Authors: Joshua H. Davidson*, University of Pennsylvania
Topics: Transportation Geography, Urban and Regional Planning, Quantitative Methods
Keywords: cycling, transport equity, covid, map algebra, bike share
Session Type: Virtual Paper
Presentation File: No File Uploaded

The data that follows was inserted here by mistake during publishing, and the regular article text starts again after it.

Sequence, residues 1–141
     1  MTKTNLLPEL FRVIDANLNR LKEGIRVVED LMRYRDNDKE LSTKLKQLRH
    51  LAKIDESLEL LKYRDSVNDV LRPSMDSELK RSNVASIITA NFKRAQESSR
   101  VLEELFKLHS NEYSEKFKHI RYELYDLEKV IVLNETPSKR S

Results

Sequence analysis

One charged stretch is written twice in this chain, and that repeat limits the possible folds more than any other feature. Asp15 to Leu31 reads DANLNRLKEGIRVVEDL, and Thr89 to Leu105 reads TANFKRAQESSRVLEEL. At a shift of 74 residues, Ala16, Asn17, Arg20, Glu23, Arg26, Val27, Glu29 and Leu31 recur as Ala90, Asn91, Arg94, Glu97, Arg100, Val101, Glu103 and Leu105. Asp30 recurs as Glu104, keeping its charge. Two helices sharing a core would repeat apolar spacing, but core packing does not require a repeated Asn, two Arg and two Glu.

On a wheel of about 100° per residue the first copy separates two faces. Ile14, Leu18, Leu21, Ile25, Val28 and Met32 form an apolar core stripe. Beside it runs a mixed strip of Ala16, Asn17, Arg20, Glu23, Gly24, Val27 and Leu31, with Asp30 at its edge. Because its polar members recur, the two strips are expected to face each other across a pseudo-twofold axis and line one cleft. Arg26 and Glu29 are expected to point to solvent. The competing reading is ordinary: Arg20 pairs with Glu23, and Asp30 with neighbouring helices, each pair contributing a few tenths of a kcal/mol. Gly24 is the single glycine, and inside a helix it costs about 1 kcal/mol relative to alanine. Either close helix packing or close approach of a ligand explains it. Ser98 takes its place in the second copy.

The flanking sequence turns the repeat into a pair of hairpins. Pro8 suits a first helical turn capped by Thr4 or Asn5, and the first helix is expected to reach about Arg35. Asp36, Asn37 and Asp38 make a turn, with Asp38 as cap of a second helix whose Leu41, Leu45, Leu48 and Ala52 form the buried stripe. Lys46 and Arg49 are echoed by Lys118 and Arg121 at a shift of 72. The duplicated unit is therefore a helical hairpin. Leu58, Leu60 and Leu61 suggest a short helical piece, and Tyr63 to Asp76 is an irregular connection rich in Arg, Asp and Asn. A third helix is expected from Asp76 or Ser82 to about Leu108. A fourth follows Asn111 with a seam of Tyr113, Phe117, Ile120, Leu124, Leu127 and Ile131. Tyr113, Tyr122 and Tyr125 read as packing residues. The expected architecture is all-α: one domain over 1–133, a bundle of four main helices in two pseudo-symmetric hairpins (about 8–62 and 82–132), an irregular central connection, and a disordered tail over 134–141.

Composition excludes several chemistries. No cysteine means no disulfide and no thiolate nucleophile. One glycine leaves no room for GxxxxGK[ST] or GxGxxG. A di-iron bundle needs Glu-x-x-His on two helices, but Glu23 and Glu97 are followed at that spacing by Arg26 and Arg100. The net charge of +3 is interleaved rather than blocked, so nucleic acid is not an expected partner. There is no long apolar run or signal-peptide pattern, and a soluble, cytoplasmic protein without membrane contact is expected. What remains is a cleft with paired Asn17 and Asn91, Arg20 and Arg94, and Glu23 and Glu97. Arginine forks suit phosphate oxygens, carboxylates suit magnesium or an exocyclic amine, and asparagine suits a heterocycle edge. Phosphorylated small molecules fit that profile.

Extensive research in transportation geography has measured the spatial conditions that affect an individual’s propensity to bicycle and the route choice they utilize when taking a trip by bike. Individual factors such as gender and workforce sector are associated with the likelihood of cycling, while infrastructural features like the presence/absence of bike lanes correlate with route choice. However, less attention has been paid to the ways that exogenous shocks, such as public health crises, may force an increase in the propensity to bicycle, or, more generally, the utility of cycling in certain spatial environments. In this paper, I measure the effect of socioeconomic and infrastructural variables on the utility of cycling during the COVID-19 crisis. Using individual-level, origin-destination data from Philadelphia, Pennsylvania’s bikeshare system, I employ a “map algebra” approach and hierarchical logistic regression models to measure the likelihood of a raster cell – a consistent geographic unit – undergoing an increase in the utility for cycling between the pre-COVID-19 period and the period of the pandemic. I test the hypothesis that socio-spatial features of uneven development like racial segregation and economic isolation, in tandem with infrastructural-spatial features like road quality, are associated with an increase in the propensity to cycle during the crisis. I argue that individuals who face transport-based social exclusion may have experienced a certain kind of transport-based “displacement” during the pandemic – from modes deemed temporarily unsafe, such as public transit, to a mode previously deemed undesirable, riding a bicycle.